Eurovision: How many times has the UK won the contest?
Mae Muller has been named as the UK's entry for the 2023 competition
Watch: Mae Muller to perform at Eurovision 2023
The UK will be hoping for its first Eurovision win in 26 years when Mae Muller takes to the stage in Liverpool this weekend.
Five British acts have claimed the Eurovision trophy since the contest began in 1956.
But victory for has proved elusive since Katrina and the Waves triumphed in 1997 – and the UK has become more used to the humiliation of nil points than topping the leaderboard.
The country's fortunes could be turning, though, after Sam Ryder's impressive second-place finish in Turin last year.
Ahead of the Eurovision 2023 grand final on Saturday, Here are all five of the UK's winners to date.
1. Sandie Shaw – Puppet on a String (1967)
After five second-placed finishes, the UK scored its first Eurovision win in 1967 thanks to Sandie Shaw.
Puppet on a String became her third UK number-one single – a first for a female artist at the time – and also topped the charts across Europe.
But the London-born singer later admitted she "hated" the track. "I was instinctively repelled by its sexist drivel and cuckoo-clock tune," she wrote in her 1991 autobiography.
Its co-writer Phil Coulter hit back at her comments in a 2015 interview, saying: "Sandie Shaw is not one of the greatest brains in the world." He added: "She is very dismissive of a song that, by any standard, she should feel a debt to."
She re-recorded the song in 2007 before retiring from the music industry in 2013.
2. Lulu – Boom Bang-a-Bang (1967)
Scottish singer Lulu secured another victory for the UK two years later, with her performance of Boom Bang-a-Bang. She shared the top spot with France, Netherlands and Spain, with 18 points apiece.
The song was a major hit across Europe and reached number two on the UK charts, behind Marvin Gaye's I Heard It Through the Grapevine.
The BBC banned it from airplay during the Gulf War in 1991, as its lyrics were deemed inappropriate, despite them having nothing to do with war.
3. Brotherhood of Man – Save Your Kisses For Me, 1976
Nine years after Lulu's victory, Brotherhood of Man made history with their winning song.
Save Your Kisses For Me reached number one in 33 countries and shifted six million copies, becoming the biggest-selling Eurovision song ever, according to PRS.
The band's manager Tony Hiller put the song's success down to their TV appearances in France, Belgium, Germany and Switzerland the year before the contest.
Speaking to the BBC in 2015, singer Nicky Stevens said: "We're still in the Guinness Book of Records as getting the highest number of votes and it's still the biggest-selling Eurovision song in Britain. We really felt like the whole of the UK was right behind us. Very magical, wonderful feeling."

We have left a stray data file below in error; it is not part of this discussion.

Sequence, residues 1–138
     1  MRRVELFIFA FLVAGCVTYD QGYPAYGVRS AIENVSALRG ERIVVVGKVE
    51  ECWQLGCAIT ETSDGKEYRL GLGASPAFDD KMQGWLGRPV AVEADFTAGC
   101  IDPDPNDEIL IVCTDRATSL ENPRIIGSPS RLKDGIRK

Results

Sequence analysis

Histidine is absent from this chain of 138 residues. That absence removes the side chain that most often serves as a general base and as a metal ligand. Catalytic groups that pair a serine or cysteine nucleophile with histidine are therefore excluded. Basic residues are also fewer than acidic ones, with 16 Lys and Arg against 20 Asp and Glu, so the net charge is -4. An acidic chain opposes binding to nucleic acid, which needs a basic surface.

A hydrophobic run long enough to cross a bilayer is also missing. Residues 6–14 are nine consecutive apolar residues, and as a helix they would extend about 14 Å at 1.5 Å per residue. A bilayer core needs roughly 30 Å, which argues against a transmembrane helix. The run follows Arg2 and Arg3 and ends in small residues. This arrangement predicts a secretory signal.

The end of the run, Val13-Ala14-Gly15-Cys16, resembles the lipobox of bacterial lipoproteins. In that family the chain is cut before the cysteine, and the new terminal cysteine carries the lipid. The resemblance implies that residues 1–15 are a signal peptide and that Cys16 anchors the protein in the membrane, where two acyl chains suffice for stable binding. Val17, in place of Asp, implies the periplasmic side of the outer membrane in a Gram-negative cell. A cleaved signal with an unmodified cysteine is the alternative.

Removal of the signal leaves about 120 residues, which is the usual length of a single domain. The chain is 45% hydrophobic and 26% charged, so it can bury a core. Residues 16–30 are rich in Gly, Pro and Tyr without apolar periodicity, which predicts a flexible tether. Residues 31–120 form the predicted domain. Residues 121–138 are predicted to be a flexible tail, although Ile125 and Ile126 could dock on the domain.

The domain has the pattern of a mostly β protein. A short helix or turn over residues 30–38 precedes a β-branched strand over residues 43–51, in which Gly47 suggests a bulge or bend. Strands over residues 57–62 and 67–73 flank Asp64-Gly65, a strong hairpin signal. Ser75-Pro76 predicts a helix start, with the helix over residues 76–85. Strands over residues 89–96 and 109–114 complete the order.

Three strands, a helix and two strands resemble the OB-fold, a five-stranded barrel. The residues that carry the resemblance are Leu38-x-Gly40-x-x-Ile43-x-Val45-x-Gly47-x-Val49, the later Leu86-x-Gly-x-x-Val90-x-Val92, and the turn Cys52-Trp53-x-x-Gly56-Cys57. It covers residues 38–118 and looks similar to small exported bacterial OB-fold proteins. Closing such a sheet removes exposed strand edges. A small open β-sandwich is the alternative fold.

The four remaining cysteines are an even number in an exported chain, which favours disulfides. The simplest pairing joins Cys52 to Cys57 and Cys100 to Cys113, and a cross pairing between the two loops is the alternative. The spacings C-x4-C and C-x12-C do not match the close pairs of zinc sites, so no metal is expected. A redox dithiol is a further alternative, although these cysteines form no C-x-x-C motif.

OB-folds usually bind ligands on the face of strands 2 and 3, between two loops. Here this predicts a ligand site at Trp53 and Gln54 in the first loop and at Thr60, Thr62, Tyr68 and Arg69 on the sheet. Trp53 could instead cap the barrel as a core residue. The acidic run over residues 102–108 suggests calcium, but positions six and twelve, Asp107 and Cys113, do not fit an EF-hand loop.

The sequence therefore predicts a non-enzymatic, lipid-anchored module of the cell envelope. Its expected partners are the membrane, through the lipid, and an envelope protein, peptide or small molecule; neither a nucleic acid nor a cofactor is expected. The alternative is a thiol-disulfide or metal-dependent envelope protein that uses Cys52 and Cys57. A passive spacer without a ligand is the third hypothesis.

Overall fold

4. Bucks Fizz – Making Your Mind Up, 1981
Pop quartet Bucks Fizz won Eurovision after being formed specifically to enter the 1981 contest.
Making Your Mind Up went on to sell four million copies and BBC Radio 2 listeners voted it their all-time favourite UK Eurovision song in a 2013 poll.
But the group are perhaps best remembered for their stage act, where the two male members ripped off the skirts of Cheryl Baker and Jay Aston.
Reflecting on the track in a 2021 interview with The Independent, Aston said: "The song is quite magical. It cuts across, it's a silly song that's just got something.
"I think it broke some boundaries and people couldn't help but kinda like it… It's amazing how many complete strangers come up to me when I'm shopping, choosing some cereal or something, and they say, are you making your mind up?"
5. Katrina and the Waves – Love Shine a Light, 1997
Katrina and the Waves were the last UK act to take the title, with their gentle ballad Love Shine a Light.
But the band's former singer, Katrina Leskanich, believes it was overlooked in the UK at the time due to the popularity of "druggy and upbeat" Britpop music.
Speaking in 2020, she said: "People talk about the UK and Eurovision and they will always think of Making Your Mind Up and Bucks Fizz.
"I remember winning with Love Shine a Light and feeling a little bit as it... I know Tony Blair and the Labour Party had just come into power and it was a great time – it was a really up time.
"It was very 90s and the music was very… druggy and upbeat. I don't feel as if Love Shine a Light got quite the look-in that other winners got because of the circumstances."